Skip to main content
Published on 17 November 2022

National Living Wage rise risks fuelling growth of false self-employment, say tax campaigners

Today’s announcement that the National Living Wage rate will increase by 9.7% from 1 April 2023 will be of benefit to some workers, but LITRG are concerned some employers may try to avoid these extra costs by turning to the ‘false self-employment’ of workers, the effects of which can be detrimental and far reaching.

Press release. A coloured image of a speakerphone, a paper press release and microphone.

The Chancellor announced today that the government will increase the National Living Wage (NLW) for individuals aged 23 and over by 9.7% to £10.42 an hour from 1 April 2023.1 The Government say this represents an increase of over £1,600 to the annual earnings of a full-time worker on the NLW and is expected to benefit over 2 million low paid workers.2

The government has also accepted the Low Pay Commission’s (LPC) recommendations for the other National Minimum Wage (NMW) rates to apply from April 2023.

While LITRG, in general, welcome the government’s bold ambitions for the minimum wage, they submitted a response to the LPC consultation earlier this year highlighting some considerations for the LPC in terms of the impact of increased rates.3

Meredith McCammond, LITRG Technical Officer says:

“As we said in our LPC submission, on the one hand, we appreciate how important a decent pay rise can be every year, in terms of morale and productivity. On the other hand, there is an important balance to be found to ensure employers don’t react in a way that leaves workers even worse off.

“Increases in the minimum wage obviously mean that extra costs are borne by the employer – not just the prima facie rate rise – but also increases in employer’s National Insurance contributions (NIC), holiday pay and pension contributions. This is because they are all based on the higher NLW rates.

“Some employers will have already been contending with difficult trading conditions and increasing costs and may struggle to absorb any further large increases at this time. As such, we are concerned we will see more ‘false self-employment’ in coming years, the effects of which can be detrimental and far reaching.’

False self-employment, LITRG explains, is treating a worker as self-employed when the true nature of his/her engagement is that of employment. Self-employed people are not entitled to the minimum wage.

The group say that engagers who treat their workers as self-employed to avoid obligations in relation to the minimum wage will also usually not be operating PAYE as they should be, or giving their workers other employment rights for example in relation to holiday pay.

False self-employment can also have other knock-on effects which feed into the question of worker well-being. If people are treated as self-employed for tax purposes, they will not be entitled to paid sick leave and other statutory leave/entitlements.4 In addition, they may not have ‘right to work’ checks, meaning people may be working illegally (and are therefore vulnerable to exploitation). The engager may also decide they don’t need to have Employer’s Liability Insurance.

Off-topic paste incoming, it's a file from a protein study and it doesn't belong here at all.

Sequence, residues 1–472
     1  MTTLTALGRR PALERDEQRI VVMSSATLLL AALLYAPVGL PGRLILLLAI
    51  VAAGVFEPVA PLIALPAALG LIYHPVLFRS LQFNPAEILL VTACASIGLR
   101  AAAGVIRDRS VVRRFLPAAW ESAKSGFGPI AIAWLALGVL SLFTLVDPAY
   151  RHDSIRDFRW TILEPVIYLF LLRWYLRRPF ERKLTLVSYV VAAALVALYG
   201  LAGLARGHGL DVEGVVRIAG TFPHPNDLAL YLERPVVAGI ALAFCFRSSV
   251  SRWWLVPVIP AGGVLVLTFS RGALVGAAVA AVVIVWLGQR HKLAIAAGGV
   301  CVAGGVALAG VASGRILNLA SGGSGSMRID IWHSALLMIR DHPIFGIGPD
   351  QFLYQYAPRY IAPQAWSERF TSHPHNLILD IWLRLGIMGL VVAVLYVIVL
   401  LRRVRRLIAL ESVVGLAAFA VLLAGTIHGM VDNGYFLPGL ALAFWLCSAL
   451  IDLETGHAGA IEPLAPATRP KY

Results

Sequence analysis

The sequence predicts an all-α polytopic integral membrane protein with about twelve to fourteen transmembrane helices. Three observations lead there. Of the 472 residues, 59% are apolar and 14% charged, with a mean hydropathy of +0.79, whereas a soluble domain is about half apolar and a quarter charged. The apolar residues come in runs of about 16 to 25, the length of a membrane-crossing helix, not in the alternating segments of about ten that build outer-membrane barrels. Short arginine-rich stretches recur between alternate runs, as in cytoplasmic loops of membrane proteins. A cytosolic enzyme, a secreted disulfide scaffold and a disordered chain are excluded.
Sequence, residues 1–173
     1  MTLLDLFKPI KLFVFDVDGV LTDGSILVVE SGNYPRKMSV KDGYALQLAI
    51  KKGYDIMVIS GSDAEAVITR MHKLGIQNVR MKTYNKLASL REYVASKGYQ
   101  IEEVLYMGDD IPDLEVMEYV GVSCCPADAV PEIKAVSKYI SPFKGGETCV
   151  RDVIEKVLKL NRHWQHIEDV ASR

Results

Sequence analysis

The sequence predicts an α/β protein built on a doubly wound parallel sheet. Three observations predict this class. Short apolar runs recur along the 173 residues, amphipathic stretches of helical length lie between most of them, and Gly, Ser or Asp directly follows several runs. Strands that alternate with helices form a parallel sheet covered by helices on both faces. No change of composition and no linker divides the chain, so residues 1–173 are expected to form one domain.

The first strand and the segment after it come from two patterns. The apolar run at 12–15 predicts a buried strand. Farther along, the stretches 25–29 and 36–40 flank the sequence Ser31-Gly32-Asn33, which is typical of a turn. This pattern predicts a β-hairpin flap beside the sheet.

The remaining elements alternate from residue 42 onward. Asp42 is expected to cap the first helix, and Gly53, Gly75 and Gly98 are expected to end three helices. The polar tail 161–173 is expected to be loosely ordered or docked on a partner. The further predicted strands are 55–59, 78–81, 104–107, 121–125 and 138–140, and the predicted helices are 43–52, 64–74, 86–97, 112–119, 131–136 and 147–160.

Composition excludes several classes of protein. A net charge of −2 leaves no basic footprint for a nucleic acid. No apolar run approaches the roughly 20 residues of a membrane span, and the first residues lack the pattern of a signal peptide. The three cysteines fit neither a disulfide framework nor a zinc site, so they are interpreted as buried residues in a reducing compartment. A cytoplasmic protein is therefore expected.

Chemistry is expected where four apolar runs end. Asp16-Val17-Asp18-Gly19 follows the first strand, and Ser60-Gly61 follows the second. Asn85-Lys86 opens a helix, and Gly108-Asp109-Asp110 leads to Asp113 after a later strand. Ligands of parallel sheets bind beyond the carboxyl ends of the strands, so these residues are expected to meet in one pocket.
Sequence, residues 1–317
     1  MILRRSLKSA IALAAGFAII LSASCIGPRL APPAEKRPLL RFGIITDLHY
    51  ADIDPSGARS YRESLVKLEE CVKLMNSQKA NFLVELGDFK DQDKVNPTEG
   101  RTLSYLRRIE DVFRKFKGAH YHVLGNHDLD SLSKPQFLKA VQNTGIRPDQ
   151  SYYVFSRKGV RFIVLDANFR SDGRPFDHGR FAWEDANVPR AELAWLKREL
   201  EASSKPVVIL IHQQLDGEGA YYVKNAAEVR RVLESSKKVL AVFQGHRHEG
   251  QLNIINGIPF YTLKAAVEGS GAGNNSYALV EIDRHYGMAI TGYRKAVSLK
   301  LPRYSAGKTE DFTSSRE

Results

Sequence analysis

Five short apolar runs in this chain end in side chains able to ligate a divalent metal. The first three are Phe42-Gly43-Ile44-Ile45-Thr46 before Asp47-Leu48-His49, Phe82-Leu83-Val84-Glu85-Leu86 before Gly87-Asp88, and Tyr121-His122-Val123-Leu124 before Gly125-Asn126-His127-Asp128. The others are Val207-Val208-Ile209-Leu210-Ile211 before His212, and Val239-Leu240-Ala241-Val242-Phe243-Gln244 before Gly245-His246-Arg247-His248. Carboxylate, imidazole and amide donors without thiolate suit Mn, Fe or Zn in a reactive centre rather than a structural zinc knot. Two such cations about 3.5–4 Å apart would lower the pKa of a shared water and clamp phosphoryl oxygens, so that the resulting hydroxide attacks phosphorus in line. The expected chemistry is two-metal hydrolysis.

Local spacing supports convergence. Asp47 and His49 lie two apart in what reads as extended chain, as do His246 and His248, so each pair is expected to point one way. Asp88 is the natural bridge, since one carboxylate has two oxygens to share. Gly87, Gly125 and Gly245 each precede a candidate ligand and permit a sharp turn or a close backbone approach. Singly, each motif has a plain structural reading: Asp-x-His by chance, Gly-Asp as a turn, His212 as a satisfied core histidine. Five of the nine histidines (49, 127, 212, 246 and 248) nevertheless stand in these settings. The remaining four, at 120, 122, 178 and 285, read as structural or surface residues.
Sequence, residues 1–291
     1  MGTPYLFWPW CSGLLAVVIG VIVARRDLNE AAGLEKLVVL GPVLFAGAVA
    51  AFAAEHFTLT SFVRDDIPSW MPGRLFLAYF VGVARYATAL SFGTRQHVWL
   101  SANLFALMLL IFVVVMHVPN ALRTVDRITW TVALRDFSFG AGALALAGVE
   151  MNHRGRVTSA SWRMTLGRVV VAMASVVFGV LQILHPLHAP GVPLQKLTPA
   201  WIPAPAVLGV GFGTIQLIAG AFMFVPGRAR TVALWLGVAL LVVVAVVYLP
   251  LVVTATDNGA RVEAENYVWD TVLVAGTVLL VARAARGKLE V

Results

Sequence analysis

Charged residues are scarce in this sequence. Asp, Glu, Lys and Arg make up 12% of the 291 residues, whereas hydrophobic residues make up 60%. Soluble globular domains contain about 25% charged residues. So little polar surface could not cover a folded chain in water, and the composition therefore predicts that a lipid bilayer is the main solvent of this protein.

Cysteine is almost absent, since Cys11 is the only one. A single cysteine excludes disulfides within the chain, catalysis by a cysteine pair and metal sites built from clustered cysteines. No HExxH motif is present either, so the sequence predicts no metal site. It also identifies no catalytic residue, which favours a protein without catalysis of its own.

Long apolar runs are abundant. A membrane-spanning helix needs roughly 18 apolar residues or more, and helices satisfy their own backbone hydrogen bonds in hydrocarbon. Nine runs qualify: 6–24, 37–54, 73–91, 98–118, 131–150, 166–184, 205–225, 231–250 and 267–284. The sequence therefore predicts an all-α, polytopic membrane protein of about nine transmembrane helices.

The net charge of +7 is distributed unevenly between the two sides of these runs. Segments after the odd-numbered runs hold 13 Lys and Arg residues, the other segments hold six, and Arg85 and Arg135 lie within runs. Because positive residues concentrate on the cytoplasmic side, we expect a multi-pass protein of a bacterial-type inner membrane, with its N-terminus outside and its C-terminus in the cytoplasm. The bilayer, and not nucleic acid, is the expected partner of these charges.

Those treated as self-employed for tax purposes are likely to declare themselves as self-employed for benefit purposes. In Universal Credit (UC), some self-employed claimants tend to face a more burdensome and less generous route than employees – a double whammy for the worker.5

Meredith McCammond continues:

“We hear a lot from workers who appear to be in false self-employment – particularly in the care sector and the construction sector. Historically the driving force behind false self-employment was the avoidance of employer’s NIC. However, given the Employment Allowance has taken many employers out of paying employer’s NIC and we are still hearing from falsely self-employed workers, we think that avoidance of the minimum wage may now be playing a part.

“In terms of future NLW movements, it is important – and widely accepted - that consideration is given to both worker need AND the affordability for employers. And the level decided upon needs to be enforced effectively as well as enacted. The key point is that policy in this area should be based on research, evidence and careful analysis, so that any other impacts are fully understood.

“In the meantime, the authorities need to make sure that they have a plan of action and sufficient resources in place to deal with false self-employment cases, otherwise the overall objective of improving outcomes for the lowest paid could be seriously undermined.’’

Notes for editors

  1. ​See para 5.10 in the Autumn Statement 2022 document.
  2. LITRG note that because of interactions with tax, National Insurance and other systems, such as student loans, universal credit and tax credits, not everyone will feel the full benefit of £1,600.
  3. The submission can be found here.
  4. If someone is not paid under PAYE then there will be no secondary contributor. This means the worker cannot be entitled to Statutory Sick Pay or any other statutory payments for that matter, e.g. Statutory Maternity Pay, etc. A secondary contributor is someone who is liable to pay Class 1 secondary National Insurance Contributions). Secondary contributors are responsible for administering and part-financing statutory payments under the Social Security Contributions and Benefits Act 1992.
  5. The rules in UC for some self-employed claimants tend to be less generous/more burdensome than for employees. For example, the Minimum Income Floor (MIF) rules (which treat people as earning a certain amount when calculating their monthly UC, even if they haven’t) penalise those who have fluctuating incomes and those who have big business expenses that fall in one month rather than spread over the year. For more information and some examples see this LITRG report.  
Back to top